With no state budget, Pennsylvania schools start to worry

sharon sharpsville pennsylvania budgets


SHARON, Pa. (WKBN) – Pennsylvania state lawmakers have been arguing over the details of the state’s budget since late June.

And while they still have not come to an agreement, the state’s schools are facing growing fears about the future.

“Right now, I hate to say, do their job. We all have jobs to do and theirs is to get us funding and a budget,” Sharon City Schools Superintendent Michael Calla said.

Sharon City Schools, like many other districts in Mercer County have been depending on their rainy day funds and local taxes.

Calla says that money will only last his district through the end of December. The district has been approved for a loan but that will only last the district through early spring.

After that they will have to look into taking extreme measures, like possibly closing the schools or not paying staff.

Just down the street, Sharpsville Area School District is facing a similar dilemma.

Business Manager, Jaime Roberts says they have not paid on certain things, to ensure students education isn’t impacted. The district has money through the end of December to the beginning of January, but then the district will have to depend on a loan.

Here’s a rundown of where school districts in WKBN’s coverage area stand in terms of funding their school year:

Commodore Perry Schools:

What they’ve done: moved money around to pay bills, started using money from the rainy day fund. No extra spending.
What the district will have to do if impasse continues: Take out a loan.
State funding: 69%

Farrell Area School District:

What they’ve done: Relied on local taxes. Used some money from rainy day fund and savings.
What the district will have to do if impasse continues: Take out a loan.
State funding: 55-60%

Greenville Area School District:

What they’ve done: Board voted to allow superintendent and business leader to move forward with a loan — as soon as December. Have not had to eliminate any programs, yet.
What the district will have to do if impasse continues: Take out a loan.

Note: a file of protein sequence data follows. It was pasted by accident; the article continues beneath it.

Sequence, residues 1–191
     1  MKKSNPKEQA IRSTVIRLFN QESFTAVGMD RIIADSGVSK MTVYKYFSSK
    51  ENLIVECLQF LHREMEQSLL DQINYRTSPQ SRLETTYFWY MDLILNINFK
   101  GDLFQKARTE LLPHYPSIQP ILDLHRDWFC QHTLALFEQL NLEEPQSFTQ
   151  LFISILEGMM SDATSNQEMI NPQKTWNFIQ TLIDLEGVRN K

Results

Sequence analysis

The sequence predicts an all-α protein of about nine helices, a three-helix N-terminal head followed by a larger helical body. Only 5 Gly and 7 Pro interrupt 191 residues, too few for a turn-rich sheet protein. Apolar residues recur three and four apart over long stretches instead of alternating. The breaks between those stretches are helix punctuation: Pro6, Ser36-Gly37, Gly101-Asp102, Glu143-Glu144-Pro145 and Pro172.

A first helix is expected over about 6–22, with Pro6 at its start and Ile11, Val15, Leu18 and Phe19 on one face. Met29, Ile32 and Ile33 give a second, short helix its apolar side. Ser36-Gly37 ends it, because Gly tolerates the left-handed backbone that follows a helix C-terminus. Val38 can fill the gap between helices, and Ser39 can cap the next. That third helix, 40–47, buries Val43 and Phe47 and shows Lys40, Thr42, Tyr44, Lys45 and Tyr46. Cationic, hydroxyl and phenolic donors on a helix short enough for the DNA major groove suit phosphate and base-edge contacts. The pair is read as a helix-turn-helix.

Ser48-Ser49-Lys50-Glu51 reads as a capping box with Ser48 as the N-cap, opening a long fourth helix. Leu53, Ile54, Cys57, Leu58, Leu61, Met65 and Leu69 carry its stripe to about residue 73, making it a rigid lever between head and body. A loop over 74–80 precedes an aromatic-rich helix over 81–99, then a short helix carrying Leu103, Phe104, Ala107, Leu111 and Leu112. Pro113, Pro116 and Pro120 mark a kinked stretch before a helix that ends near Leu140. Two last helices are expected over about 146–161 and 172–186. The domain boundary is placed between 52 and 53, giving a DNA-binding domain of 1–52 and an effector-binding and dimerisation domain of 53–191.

State funding: 65-70%

Grove City Area School District:

WKBN has not heard back from school leaders at this time.

Hermitage School District:

WKBN has not heard back from school leaders at this time.

Jamestown Area School District:

What they’ve done: Taken measures to eliminate extra spending. Have been approved for a loan, if needed.
What the district will have to do if impasse continues: Take out a loan, district thinks the money that’s been approved will get the district through the end of the school year. With or without the budget impasse continuing.
State funding: 56%

Lakeview School District:

From Superintendent Douglas Mays:

The Lakeview School District is monitoring and paying all bills as they come in to the Business Office.  We are constantly monitoring our funds to make those payments.  At present, all payment obligations have been met by the district.

If the impasse continues, the Superintendent and Business Manager will meet with the Finance Committee of the Board to discuss a plan of action.  This would need to occur in January.  With any hope , the impasse will end and a budget will be in place soon.  Throughout the fall, the Board has been kept updated with the state budget process.

As all district, the progress of the state budget is being monitored daily.

Mercer Area School District:

What they’ve done: Operating off of local taxes and district’s money. Should be okay through January. District superintendent went to Harrisburg with other superintendents to talk with state lawmakers and Governor about impasse’s impact on districts.
What the district will have to do if impasse continues: After January, will have to take out a loan.
State funding: 48%

Reynolds School District:

What they’ve done: Filled out paper work for loans. Taking money from the rainy day fund.
What the district will have to do if impasse continues: Take out loans.
State funding: Didn’t have a percentage at the time of the call.

Sharon City School District:

What they’ve done: Relied heavily on local taxes and rainy day fund. Money should last the district through December.
What the district will have to do if impasse continues: Take out a loan. However, worst case scenario would have the district looking at not paying bills; possibly shutting the school district down until impasse continues. Again, district doesn’t think those options will happen, but it is a worst case scenario.
State funding: 69%

Sharpsville Area School District:

What they’ve done: Has gone and secured a line of credit for a loan. Taking money from the rainy day fund and using local tax money. Limiting extra ‘non-essential’ purchases.
What the district will have to do if impasse continues: Take out a loan.
State funding: 63%

West Middlesex Area School District:

What they’ve done: Currently depending on local funding. Debated on taking out a loan. Money should last through December.
What the district will have to do if impasse continues: Possibly take out a loan.
State funding: 56%

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